Some doctors like I where taken aback by the WHI findings and vowed not to prescribe the “synthetics.” But now what, I wasn’t trained on how to actually treat hormonal imbalances or how to pick and choose which hormone methods were more physiologic. Oh, yes, a little subject like physiology…so women were born with two main sex hormones, estrogen and progesterone, and they were supposed to be in balance with one another. And if we were worried about exposing a woman’s uterus to unopposed estrogen, why were we not concerned about exposing her breasts by giving her only estrogen after a hysterectomy? Why were we trained extensively on how to use synthetic progestins and not natural progesterone? How come smart doctors who wrote journal articles used these terms interchangeably? Why wouldn’t the body respond better to a hormone it recognized, then one that was foreign to it? Why did we not recognize that when we gave women estrogen by mouth, it would put them at risk for the same problems that we already knew about from birth control pills; heart attacks, blood clots and stroke? Why did we not concern ourselves much with all the weight gain, the drop of sex drive, all the sleeping problems, and, especially, all the mood problems we were seeing every day in our office? Especially when we just upped the estrogen dosage? Was it because we had a vast army of diet pills, water pills, sleeping pills and anxiety, depression and “mood” pills of every size and shape? Because, let’s be realistic, isn’t it easier just to prescribe Drug “XYZ” because the waiting room is full?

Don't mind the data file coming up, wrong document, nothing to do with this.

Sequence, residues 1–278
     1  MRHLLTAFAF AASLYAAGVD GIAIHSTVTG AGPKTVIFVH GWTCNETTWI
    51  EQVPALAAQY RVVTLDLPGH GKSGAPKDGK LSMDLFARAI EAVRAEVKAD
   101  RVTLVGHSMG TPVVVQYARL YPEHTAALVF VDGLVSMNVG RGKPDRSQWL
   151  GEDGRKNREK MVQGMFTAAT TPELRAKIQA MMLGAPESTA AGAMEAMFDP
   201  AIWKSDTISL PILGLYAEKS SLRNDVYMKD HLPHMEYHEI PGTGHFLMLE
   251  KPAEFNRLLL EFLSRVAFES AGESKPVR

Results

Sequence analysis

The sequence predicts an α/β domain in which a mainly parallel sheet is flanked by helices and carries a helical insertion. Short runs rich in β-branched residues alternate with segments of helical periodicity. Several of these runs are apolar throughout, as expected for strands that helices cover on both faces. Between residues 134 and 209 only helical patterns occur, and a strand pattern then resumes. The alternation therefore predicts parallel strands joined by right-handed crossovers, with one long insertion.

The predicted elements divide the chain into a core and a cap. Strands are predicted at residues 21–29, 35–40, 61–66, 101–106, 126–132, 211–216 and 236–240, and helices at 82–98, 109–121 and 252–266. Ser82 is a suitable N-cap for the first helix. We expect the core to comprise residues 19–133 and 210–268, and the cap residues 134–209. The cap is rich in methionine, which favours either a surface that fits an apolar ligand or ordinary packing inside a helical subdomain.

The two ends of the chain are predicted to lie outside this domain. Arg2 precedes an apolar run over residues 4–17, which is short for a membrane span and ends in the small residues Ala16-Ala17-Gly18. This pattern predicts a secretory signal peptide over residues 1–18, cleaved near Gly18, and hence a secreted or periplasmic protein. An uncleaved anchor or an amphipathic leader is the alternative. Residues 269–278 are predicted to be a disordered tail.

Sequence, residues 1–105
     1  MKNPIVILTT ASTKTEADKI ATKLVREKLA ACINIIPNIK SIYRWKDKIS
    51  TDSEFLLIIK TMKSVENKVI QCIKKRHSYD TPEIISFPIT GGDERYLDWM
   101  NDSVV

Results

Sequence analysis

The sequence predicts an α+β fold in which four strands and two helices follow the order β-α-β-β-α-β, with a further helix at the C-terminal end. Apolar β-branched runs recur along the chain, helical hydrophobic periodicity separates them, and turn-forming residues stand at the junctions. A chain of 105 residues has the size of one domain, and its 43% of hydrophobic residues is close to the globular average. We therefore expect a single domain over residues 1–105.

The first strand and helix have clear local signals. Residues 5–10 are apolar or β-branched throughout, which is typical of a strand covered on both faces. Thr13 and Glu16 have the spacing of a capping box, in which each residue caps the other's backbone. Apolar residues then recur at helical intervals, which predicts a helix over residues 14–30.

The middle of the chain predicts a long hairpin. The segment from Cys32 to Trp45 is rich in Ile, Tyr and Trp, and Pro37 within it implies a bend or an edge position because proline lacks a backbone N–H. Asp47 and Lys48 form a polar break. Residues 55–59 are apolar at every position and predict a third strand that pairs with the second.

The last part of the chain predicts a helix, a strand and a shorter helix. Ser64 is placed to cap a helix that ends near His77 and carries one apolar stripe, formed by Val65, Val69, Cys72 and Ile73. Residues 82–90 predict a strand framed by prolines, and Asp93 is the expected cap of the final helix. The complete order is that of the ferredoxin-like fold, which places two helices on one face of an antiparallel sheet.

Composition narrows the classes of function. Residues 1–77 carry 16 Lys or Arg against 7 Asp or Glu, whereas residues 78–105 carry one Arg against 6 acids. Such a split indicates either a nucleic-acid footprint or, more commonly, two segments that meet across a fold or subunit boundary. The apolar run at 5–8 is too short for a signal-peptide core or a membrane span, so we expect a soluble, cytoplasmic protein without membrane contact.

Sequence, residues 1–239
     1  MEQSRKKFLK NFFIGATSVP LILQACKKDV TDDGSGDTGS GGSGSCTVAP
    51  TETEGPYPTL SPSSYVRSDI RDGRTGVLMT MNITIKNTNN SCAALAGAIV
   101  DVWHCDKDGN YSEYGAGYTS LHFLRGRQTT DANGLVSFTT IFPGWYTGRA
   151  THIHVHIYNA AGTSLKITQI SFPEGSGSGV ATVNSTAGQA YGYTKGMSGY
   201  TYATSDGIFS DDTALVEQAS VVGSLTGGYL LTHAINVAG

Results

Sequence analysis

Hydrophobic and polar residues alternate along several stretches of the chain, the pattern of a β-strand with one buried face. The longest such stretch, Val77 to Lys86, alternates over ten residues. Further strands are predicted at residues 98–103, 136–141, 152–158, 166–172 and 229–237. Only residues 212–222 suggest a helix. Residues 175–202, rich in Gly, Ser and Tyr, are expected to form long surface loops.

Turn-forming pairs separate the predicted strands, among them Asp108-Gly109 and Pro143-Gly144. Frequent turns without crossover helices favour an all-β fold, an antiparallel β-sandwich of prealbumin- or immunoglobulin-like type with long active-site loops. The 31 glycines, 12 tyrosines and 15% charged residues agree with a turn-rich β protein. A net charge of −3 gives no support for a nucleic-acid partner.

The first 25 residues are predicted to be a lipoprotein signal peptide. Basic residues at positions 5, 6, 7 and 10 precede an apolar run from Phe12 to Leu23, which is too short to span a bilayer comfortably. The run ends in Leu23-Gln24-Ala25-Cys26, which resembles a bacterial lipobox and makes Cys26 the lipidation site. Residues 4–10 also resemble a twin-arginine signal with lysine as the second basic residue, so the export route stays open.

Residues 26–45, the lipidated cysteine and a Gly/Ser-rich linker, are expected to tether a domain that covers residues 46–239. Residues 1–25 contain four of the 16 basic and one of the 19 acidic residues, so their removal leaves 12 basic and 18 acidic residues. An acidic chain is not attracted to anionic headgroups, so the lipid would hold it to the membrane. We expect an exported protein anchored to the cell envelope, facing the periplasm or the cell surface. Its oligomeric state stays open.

So some of us decided to say, wow, maybe we were wrong this whole time and maybe there is something better for our patients. I personally said, isn’t it my job to make my patients feel better and protect them, rather then make them feel worse or God forbid, cause a problem they didn’t have before? After all, H. pylori turned the ulcer paradigm on its head and HPV turned the cervical cancer paradigm on its head. So I turned to the books and the literature and guess what I found out? This “natural” stuff was out there the whole time, it’s just with the exception of some very progressive (and usually stubborn) people who were using them, most of us and you were not told. So I started trying to be logical about hormone therapy. So what started to seem logical based on my research was: test first using a reliable, easy test (turned out to be spitting, who knew), give only what the woman or man is deficient in (you mean this stuff could help men too, who knew), use a hormone the body was already familiar with (I mean this is challenging stuff), use the safest route of administration (transdermal or through the skin seemed to be associated with fewer side effects, oh and lower dosages). Then, radical idea, have the patient come back and see how they are doing! Maybe retest if things aren’t quite right? Maybe try different routes of delivery or check some other hormones (like thyroid, adrenals, blood sugar/insulin, and vitamin levels) and address diet and lifestyle issues like stress. Again, to me it didn’t seem so radical, just, well logical and physiologic.